Three Words with ...
Fiao’o Faamausili’s recent retirement from the New Zealand Black Ferns has given the 38-year-old the space to reflect on an incomparable athletic career that saw her win four rugby World Cups, earn 57 international caps and develop into a formidable leader both on the field as Black Ferns Captain and off the field, as a detective in the Manurewa police force.
“I have an acronym for my leadership style that I abide by, STRONG. S being sharing the load. In order for things to work everyone has to buy into it. It’s always good to share the load because you get to see what other people are thinking as well.
Then you have T which is Trust. You’ve got to trust your players and they need to trust you. That comes together nicely with Respect which is the R. You’ve got to give respect to your players because that’s how you get respect. You’ve got to respect their backgrounds, respect their family – respect is massive.
O stands for Others. You always think about others first as a leader. As for myself, I always put everyone before myself. I always think about my team, I think about what the outcome is and I’m always thinking about others.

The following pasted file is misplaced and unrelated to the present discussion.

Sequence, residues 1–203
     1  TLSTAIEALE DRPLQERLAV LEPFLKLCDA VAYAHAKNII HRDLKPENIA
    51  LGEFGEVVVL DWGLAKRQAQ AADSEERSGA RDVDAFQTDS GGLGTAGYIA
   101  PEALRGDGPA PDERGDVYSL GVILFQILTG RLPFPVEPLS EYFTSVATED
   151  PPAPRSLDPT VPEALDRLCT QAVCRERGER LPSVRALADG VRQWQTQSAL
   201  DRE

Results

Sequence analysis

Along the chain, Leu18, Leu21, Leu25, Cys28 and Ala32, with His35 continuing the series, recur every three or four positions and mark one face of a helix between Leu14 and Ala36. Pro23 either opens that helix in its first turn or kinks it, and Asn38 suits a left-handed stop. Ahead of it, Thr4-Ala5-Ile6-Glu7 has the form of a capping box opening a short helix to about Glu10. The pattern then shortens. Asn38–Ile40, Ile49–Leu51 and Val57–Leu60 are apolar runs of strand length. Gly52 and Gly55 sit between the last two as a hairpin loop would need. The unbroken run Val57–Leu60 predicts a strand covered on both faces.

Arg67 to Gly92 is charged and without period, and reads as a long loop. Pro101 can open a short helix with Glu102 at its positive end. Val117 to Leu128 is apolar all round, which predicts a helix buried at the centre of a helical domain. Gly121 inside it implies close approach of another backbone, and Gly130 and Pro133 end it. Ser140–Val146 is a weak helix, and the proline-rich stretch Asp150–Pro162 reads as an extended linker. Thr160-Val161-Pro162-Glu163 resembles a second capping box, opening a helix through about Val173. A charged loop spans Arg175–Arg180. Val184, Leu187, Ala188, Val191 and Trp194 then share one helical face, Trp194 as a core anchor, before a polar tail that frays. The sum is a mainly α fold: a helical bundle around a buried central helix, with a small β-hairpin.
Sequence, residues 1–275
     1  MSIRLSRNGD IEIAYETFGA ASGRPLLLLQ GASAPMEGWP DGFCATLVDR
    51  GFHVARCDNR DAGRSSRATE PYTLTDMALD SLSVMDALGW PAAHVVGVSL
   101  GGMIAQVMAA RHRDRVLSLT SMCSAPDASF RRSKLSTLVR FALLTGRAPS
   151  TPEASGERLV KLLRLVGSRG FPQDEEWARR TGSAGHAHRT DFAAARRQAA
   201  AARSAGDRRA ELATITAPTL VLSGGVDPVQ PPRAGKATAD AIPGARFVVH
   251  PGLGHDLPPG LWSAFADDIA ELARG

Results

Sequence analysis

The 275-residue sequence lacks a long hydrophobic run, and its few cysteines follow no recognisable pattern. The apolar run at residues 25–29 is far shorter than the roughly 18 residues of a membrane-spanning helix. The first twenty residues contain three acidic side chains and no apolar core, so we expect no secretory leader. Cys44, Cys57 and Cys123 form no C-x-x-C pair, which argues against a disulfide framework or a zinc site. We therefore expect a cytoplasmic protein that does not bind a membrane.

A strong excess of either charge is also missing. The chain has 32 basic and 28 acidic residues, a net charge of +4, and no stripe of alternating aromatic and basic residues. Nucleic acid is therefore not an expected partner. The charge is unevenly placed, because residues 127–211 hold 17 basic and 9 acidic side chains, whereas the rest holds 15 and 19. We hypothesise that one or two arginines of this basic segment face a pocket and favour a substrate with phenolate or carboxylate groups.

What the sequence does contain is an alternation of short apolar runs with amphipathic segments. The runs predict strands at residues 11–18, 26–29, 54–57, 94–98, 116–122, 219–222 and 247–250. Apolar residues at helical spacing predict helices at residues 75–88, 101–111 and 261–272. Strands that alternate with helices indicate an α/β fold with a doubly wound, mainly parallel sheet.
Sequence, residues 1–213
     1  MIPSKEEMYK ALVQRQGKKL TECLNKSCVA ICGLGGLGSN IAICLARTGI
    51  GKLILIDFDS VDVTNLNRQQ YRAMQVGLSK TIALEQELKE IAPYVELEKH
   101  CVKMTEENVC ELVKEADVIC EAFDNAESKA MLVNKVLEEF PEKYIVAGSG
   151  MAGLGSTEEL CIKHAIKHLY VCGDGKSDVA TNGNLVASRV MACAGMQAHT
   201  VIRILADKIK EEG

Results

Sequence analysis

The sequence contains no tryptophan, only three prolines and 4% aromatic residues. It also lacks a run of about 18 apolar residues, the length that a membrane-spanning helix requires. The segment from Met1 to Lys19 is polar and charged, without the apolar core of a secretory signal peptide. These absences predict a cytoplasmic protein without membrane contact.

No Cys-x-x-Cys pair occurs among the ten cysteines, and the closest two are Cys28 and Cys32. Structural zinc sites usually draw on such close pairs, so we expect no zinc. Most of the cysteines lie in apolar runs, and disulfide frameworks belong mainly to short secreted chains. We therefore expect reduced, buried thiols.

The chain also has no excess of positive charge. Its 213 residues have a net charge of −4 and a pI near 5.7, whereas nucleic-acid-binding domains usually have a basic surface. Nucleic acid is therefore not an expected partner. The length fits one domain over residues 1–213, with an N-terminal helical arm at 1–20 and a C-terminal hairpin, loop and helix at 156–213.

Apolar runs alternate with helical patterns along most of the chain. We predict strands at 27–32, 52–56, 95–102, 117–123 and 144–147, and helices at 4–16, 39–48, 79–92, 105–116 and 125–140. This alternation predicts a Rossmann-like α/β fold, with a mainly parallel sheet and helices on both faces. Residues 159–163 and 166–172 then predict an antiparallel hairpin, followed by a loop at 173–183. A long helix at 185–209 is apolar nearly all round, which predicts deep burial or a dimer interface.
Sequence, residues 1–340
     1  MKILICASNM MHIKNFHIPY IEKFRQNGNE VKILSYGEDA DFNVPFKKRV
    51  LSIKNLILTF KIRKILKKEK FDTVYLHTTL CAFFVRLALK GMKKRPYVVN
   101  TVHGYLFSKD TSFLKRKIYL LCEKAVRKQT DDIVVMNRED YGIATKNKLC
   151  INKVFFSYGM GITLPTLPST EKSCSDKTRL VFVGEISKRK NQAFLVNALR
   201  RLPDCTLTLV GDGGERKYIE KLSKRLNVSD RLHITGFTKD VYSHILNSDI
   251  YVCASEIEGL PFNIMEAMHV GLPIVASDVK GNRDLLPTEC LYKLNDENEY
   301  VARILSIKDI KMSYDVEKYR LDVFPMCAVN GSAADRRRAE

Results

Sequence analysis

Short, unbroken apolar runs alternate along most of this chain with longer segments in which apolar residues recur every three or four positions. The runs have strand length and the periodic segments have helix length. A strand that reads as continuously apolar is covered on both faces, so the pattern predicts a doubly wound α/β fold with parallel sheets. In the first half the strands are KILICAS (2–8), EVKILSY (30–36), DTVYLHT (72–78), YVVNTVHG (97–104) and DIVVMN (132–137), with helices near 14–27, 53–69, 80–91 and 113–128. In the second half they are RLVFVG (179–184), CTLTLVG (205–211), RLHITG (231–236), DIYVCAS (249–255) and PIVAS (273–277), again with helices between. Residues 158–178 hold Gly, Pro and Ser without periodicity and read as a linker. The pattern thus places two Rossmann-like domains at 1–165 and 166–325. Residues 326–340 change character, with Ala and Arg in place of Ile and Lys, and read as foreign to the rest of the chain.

“I’m from a family of eight and I’m the second to youngest, so leading came naturally for me. I led in primary school and then in college I was head girl, but it was always about leading through actions. I’m more talkative now than back in the day where I was just head-down-bum-up just doing the work. If you can lead that way and people follow, it’s quite powerful.
My family made a lot of sacrifices to give us kids a better life. I was born in Samoa but moved to New Zealand when I was young. My brothers and sisters dropped out of school early to work for the younger ones to help us through. I look at what they have achieved through their work ethic and it makes me very proud.”
That’s why I’m the type of person that plays the game like it’s their last every time. I leave it all on the field. That’s how I want to be remembered.
“I always wanted to be a police officer from watching TV and movies but what I noticed is that rugby and policing have much in common. We both have our standards: professionalism, respect, honesty, empathy.
The two of them work hand in hand because we have the same purpose. I’m out there protecting and serving my country as a police officer, and I’m also serving my country in the black jersey.
It never crossed my mind to be captain of the Black Ferns. I always wanted to wear the black jersey and put my best foot forward in the jersey, but I didn’t need the title of captain to show my leadership on the field. I took on the role in 2012 but every time I did a talk I said my name but I never introduced myself as the captain. That’s just how I’ve always done it.”
“It’s just been a big family of girls with a lot of love and respect and that’s just been amazing.”